Charlotte's Web, first published in 1952, was E.B. White's second book for children. Unaffected and gently humorous, the story became an instant classic and a mainstay of "best books" lists ever since. An animated musical version came and went in the 1980s, but the buzz surrounding the first live-action film, opening Dec. 15, indicates it's a keeper.
The cast list practically throbs with big names: Julia Roberts, Oprah Winfrey, Robert Redford, etc., lending their voices to various creatures of the barnyard. But the voice of the main character, a winsome pig named Wilbur, will be unfamiliar to most movie-goers. It belongs to a rising film-industry player who has acted opposite Tom Cruise, Sandra Bullock, and Kevin Bacon. He has also written and directed a film-festival contender, formed his own band, and written his own songs. He describes himself as "a very strong Christian." And he is not yet 11 years old.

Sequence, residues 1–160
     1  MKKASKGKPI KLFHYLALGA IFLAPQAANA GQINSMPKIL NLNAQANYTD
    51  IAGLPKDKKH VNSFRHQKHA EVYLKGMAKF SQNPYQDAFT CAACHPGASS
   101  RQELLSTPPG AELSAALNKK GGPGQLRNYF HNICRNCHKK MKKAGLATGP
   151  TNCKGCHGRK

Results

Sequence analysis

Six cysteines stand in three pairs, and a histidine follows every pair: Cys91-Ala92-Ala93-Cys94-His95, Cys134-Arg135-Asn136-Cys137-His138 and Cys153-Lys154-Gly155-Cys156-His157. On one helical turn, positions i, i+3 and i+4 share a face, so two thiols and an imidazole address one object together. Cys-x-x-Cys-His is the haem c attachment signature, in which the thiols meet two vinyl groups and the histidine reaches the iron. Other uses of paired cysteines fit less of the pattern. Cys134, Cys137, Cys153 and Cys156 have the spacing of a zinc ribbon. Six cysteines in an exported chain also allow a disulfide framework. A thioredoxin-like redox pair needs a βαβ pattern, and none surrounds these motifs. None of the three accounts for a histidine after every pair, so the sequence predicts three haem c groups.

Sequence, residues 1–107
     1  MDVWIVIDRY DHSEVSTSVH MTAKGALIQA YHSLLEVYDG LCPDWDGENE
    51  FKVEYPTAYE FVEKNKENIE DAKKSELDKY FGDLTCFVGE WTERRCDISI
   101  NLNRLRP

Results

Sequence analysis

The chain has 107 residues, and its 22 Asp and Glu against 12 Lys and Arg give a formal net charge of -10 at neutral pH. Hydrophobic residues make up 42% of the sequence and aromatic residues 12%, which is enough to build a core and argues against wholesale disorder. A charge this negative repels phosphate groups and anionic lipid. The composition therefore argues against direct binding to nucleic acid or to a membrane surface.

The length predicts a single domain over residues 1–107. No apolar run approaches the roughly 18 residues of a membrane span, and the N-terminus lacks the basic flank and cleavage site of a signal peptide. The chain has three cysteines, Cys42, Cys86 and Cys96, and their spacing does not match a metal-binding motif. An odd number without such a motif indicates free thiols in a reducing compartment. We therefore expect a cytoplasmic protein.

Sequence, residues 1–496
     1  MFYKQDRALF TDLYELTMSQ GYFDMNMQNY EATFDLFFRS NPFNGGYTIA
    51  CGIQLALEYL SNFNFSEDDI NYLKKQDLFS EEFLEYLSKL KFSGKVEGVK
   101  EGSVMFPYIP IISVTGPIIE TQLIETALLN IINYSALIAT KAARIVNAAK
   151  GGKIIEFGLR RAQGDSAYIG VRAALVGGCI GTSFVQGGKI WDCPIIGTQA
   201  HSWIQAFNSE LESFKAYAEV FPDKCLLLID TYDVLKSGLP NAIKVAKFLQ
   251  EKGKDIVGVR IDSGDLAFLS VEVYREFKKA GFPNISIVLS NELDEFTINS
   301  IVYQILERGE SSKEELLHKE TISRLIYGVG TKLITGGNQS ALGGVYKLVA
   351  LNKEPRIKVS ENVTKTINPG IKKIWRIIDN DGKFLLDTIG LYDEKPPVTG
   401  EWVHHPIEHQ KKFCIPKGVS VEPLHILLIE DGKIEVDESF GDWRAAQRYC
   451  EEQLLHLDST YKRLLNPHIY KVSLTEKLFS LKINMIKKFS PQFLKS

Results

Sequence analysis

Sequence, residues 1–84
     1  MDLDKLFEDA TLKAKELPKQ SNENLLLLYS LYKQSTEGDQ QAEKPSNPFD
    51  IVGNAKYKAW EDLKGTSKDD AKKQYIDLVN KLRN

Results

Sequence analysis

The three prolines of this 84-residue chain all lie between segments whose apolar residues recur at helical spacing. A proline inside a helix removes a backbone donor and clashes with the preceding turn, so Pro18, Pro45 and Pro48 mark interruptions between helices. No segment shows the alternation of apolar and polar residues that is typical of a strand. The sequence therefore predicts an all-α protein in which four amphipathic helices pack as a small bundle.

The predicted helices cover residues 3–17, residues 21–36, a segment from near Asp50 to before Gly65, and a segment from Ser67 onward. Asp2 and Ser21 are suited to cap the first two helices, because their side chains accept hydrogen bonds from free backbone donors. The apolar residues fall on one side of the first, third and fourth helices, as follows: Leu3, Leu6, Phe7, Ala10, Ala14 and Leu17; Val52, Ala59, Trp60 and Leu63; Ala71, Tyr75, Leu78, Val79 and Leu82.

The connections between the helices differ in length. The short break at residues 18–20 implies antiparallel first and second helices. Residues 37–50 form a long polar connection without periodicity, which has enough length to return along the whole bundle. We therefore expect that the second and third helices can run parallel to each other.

Dominic Scott Kay lives in Malibu with his parents, Scott (a drummer with the Commodores) and Cindy (a homeschooling mom). "I love homeschooling," Dominic says. Does he like to read? "I love to read"-and Charlotte's Web, he adds cannily, is one of his favorite books. It makes a great movie: "It grabs you by the heart. I love those type of movies, and Charlotte's Web has so much feeling and thought put into it . . . it makes you think."
Dominic's favorite part comes near the end, when Wilbur understands that his best friend Charlotte (a spider) is going to die, after expending some of her last energies to save his life. "Why did you do all this for me?" he asks her. "I don't deserve it. I've never done anything for you." The comparison with the ultimate self-sacrificing Savior is imperfect, but hard to miss.
As a Christian, what does Dominic see as his biggest temptation in the movie industry? "Nothing," he says emphatically, stating that he will pass up-and already has passed up-offers incompatible with his faith. But he's also made lots of friends in Hollywood. If his faith matures along with his talent, he could be a positive influence on movie-making.